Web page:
Giovanni Boccaccio  

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Decameron

Giovanni Boccaccio (June 16, 1313December 21, 1375) was an Italian writer and poet, best-known for the Decameron.

He was a friend and correspondent of Petrarch, an important Renaissance humanist in his own right and author of a number of notable works including On Famous Women, the Decameron and his poetry in the vernacular. Boccaccio's characters are notable for their era in that they are realistic, spirited and clever individuals who are grounded in reality (in contrast to the characters of his contemporaries, who were more concerned with the Medieval virtues of Chivalry, Piety, and Humility).

Decameron

Decameron

Boccaccio began work on the Decameron around 1349. It is probable that the structures of many of the tales date from earlier in his career, but the choice of a hundred tales and the frame-story lieta brigata of three men and seven women dates from this time. The work was largely complete by 1352. It was Boccaccio's final effort in literature and one of his last works in Italian, the only other substantial work was Corbaccio (dated to either 1355 or 1365). Boccaccio revised and rewrote the Decameron in 1370-1371. This manuscript has survived to the present day.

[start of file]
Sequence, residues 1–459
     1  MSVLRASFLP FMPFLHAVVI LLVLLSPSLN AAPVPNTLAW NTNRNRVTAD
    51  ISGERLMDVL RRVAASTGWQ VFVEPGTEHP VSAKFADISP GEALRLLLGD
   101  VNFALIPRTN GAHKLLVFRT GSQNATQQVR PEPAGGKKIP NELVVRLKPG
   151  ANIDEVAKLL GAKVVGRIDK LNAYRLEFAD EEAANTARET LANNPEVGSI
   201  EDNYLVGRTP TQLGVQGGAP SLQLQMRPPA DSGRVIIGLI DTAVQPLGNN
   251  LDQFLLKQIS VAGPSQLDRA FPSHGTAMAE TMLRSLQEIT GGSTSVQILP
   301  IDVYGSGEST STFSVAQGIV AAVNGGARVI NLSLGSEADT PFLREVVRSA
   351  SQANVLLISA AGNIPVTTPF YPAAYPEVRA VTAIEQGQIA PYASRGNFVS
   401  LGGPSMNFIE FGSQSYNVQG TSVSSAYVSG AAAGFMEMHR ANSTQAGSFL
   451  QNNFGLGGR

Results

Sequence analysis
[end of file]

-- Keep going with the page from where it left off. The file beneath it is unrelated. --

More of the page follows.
In 1359 following a meeting with Pope Innocent VI and further meetings with Petrarch it is probable that Boccaccio took some kind of religious mantle. There is a persistent, but unsupported, tale that he repudiated his earlier works, including the Decameron, in 1362, as profane.

Bibliography




Unless indicated otherwise, the text in this article is either based on Wikipedia article "Giovanni Boccaccio" or another language Wikipedia page thereof used under the terms of the GNU Free Documentation License; or on original research by Jahsonic and friends. See Art and Popular Culture's copyright notice.

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